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Mikel Aramendia

1981 Navarra, Spain

Seeking Magazine: How was your first contact with photography? When you realized you couldn’t stop shooting?

Mikel Aramendia: The reason why I used a camera for the first time was graffiti. We used to do graffiti and used the camera to document our work and others. It was a practical solution. Also that is the reason why I like to explore places in the limits of urban areas.

SM: I think that you love documenting your travels to the mountain, is a necessity or photography and the mountain goes together in your life?

MA: Both passions weren’t born together. In the mountain photography is just for fun, the mountain always goes before the photo.

SM: What things inspire your work? Which photographers are your influence?

MA: I’m a bit bad with names, but I never forget the images. From the godfathers: William Eggleston, Stephen Shore, Joel Sternfeld, Robert Frank, etc. More recent: Edward Burtynsky, Andreas Gursky, Florian Maier-Aichen, etc. It is fair to say that on Flickr there is more than enough quality and inspiration.

SM: In your series ‘Nearby Places’ you are able to make the mundane attractive and beautiful. You were looking for that or it was a spontaneous result?

MA: 50/50. Those places are close to me, geographically and figuratively. I have to say that right now is a little mess.

SM: In ‘NYC Corners’ you go further, you submerge in the corners of the more emblematic neighborhoods of New York sharing a vision completely different from what people expects of this city. What do you wanted to convey in this series?

MA: It was spontaneous, I took the first photo (http://www.flickr.com/photos/mikelaramendia/3480139261/sizes/l/in/set-72157617396166152/) of a corner that unconsciously got my attention. A few days later that photo got my attention and I started taking photos of corners. What I think that my subconscious grabbed was the fact that concrete and cement finish everything, defining an space for transit and human life. That’s the reason for the saying, every corner in NY is fascinating…

SM: With ‘Gardening Ideas’ you break the mold introducing the viewer in intimate and disturbing places presented by another photo within. Did you intentionally put each of the photographs present in the composition?

MA: It is disturbing for me too. It was improvised, I found the photos exploring a building next to a flower nursery which was going to be demolished. I organized them on the floor and took the photos, those are from gardening works made by the workers, in some of them they are present too.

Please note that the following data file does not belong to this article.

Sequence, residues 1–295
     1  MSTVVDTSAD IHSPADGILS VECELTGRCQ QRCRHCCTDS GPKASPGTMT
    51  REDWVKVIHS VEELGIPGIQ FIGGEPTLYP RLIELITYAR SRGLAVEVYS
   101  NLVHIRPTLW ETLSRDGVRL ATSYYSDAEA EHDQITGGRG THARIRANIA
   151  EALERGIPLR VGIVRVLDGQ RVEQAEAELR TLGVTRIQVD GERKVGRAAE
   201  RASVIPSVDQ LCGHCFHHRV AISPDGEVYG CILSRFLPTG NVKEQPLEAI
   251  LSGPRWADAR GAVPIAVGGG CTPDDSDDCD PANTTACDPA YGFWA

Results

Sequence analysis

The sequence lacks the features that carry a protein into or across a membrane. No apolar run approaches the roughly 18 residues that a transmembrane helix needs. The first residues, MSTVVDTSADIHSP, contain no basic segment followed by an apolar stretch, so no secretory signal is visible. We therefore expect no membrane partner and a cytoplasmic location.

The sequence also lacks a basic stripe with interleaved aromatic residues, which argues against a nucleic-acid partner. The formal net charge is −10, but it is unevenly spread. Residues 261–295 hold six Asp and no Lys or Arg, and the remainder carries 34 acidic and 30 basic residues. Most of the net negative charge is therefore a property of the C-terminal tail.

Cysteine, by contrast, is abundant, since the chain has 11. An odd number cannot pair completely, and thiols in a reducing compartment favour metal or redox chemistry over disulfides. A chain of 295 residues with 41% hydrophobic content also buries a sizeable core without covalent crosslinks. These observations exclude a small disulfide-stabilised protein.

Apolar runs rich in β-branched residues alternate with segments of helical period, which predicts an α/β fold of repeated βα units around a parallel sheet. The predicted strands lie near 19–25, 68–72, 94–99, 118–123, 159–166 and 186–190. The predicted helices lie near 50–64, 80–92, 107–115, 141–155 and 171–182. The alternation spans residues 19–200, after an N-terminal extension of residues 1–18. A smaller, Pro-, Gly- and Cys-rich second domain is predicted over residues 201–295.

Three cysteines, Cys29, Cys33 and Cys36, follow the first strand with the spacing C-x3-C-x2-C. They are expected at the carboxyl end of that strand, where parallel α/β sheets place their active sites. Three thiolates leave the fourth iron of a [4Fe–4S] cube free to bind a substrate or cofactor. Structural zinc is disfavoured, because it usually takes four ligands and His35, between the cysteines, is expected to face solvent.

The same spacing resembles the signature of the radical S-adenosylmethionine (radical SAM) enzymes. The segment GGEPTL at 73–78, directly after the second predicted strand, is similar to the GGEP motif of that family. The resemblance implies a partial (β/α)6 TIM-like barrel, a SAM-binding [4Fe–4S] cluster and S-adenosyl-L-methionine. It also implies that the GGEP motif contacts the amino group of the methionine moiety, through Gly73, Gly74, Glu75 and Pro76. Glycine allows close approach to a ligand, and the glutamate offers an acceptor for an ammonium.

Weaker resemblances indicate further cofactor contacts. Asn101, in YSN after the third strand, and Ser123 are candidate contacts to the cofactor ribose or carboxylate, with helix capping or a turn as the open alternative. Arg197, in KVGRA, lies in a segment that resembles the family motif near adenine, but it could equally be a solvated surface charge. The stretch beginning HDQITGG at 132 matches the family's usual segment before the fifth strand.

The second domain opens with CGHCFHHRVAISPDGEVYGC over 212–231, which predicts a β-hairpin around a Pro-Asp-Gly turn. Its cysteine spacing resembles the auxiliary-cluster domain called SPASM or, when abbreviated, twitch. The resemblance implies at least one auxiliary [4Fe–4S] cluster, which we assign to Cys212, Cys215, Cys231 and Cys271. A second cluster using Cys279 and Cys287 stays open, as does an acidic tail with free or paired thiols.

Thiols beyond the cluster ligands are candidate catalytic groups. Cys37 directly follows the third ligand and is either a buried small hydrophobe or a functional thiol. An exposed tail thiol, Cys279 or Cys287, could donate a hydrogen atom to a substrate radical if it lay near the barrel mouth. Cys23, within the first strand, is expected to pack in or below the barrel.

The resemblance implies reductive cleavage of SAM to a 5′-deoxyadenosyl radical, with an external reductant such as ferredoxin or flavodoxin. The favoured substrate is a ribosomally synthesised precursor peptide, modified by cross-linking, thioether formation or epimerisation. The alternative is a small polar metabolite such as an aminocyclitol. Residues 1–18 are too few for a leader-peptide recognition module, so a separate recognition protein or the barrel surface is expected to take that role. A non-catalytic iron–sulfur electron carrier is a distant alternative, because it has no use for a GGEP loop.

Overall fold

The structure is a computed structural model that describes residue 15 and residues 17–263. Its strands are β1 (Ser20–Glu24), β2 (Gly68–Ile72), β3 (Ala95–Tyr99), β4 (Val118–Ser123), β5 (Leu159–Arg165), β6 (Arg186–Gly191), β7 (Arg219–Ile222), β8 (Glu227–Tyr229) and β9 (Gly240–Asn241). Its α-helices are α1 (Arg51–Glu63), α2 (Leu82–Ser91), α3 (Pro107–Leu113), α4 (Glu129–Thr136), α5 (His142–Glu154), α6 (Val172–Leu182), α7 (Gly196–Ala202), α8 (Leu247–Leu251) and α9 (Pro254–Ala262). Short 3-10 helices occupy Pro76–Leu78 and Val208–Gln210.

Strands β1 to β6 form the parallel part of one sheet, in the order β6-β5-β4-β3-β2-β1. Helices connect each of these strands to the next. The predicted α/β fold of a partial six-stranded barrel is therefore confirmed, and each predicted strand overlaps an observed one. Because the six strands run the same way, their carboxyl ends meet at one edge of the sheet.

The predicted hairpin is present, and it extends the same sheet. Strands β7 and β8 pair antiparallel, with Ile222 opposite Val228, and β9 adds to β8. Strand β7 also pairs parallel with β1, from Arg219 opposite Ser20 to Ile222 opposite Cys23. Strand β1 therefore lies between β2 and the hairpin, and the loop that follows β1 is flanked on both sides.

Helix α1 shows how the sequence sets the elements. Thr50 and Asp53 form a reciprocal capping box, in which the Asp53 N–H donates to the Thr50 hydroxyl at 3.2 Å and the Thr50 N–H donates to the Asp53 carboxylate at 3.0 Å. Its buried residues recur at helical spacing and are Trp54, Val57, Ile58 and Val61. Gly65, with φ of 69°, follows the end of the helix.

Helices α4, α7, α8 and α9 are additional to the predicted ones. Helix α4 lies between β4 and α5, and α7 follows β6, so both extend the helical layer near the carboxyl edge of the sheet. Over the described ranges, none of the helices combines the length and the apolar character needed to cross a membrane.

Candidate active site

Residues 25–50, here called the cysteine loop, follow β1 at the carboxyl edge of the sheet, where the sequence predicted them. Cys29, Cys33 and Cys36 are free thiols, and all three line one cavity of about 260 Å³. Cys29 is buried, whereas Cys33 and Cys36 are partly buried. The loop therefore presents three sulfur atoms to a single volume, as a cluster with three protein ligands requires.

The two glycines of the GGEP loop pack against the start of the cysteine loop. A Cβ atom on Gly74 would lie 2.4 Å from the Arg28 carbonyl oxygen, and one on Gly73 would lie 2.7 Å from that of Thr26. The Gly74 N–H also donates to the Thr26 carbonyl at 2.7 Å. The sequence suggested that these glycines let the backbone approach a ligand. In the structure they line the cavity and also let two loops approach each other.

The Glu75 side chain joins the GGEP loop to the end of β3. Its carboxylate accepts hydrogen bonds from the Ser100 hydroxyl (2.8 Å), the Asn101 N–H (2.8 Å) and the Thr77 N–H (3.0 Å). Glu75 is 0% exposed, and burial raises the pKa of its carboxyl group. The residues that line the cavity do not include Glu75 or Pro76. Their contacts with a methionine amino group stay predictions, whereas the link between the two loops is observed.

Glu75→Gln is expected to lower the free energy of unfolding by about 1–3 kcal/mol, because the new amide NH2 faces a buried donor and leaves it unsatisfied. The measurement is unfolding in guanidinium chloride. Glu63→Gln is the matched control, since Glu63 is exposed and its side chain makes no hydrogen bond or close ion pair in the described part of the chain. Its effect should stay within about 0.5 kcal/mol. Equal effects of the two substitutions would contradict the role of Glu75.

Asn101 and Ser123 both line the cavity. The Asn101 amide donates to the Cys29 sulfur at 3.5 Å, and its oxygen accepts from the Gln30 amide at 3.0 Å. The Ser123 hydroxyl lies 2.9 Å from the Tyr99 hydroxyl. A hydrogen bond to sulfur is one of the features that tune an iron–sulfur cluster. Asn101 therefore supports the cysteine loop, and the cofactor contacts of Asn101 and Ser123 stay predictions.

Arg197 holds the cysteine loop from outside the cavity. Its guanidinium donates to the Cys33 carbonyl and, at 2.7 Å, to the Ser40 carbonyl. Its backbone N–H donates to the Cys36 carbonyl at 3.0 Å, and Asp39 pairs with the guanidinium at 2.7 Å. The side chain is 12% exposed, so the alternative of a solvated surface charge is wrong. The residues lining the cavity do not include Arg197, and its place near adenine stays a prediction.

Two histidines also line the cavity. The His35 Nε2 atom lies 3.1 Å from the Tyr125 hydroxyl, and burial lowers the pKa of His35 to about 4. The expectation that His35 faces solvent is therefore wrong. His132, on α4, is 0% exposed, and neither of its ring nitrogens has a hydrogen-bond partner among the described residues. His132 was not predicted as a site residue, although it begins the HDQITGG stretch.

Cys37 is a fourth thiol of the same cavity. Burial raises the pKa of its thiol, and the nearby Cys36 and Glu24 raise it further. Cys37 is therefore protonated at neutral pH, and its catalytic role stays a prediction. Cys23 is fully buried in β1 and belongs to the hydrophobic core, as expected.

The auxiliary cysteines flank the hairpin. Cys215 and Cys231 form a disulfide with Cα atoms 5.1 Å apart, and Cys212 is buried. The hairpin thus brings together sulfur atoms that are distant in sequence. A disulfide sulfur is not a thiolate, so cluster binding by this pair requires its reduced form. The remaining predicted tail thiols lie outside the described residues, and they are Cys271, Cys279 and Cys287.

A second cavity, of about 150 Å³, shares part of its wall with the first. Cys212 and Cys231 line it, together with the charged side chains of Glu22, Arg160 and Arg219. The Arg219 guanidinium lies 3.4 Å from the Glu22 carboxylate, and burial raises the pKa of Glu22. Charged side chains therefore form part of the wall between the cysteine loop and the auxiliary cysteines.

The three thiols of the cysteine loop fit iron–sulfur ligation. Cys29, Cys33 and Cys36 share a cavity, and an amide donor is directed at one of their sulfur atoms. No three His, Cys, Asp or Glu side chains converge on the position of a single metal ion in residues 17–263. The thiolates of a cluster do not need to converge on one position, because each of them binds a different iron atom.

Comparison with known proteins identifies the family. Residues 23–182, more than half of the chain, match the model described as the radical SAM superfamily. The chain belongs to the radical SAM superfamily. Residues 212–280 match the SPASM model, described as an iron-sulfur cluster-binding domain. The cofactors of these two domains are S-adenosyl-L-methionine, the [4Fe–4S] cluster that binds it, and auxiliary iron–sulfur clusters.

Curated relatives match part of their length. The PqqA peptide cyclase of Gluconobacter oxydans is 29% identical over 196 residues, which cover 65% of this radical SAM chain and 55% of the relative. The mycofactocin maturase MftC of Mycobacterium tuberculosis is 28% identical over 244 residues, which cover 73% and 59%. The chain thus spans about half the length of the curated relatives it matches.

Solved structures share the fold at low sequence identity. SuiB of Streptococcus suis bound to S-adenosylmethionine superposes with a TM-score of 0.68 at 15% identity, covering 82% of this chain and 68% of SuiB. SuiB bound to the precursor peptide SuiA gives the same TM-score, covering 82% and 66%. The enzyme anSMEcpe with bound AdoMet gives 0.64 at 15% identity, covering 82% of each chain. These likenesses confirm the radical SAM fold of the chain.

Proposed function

SM: The night is something that apparently obsesses you. When you are going out for a night session, do you follow any patterns or take the same equipment with you?

MA: I don’t think is my obsession, at least for the time being. When I do night photography, I have a clear destination and standard equipment, although in the end most of the photos aren’t spontaneous. I have always used digital, but I would like to get a 6×7 film camera. (I accept offers…)

SM: Are you looking for a defined style in your work? How would you define it?

MA: I can’t speak of a defined style or technique, it could be said that I even ignore it. I think that you evolve in each photo, the transformation is constant. I’m more interested in the subject than the image. To be more precise, I’m interested in the invisible relations between civilization and nature, also on the configuration and topography of modern landscape.

SM: What are your plans for the future? Are you thinking about doing an exhibition of your series?

MA: I rather do some work with more photographers. Those synergies are far more productive.

SM: Where do you see yourself in 10 years, will you keep shooting?

MA: Don’t know, time will tell

Mikel Aramendia on Flickr.

Interview by Andrés Medina
For more information about Mikel Aramendia take a look at: www.mikelaramendia.com

Copyright © Mikel Aramendia, All rights reserved. This photographs are not to be used as free stock.

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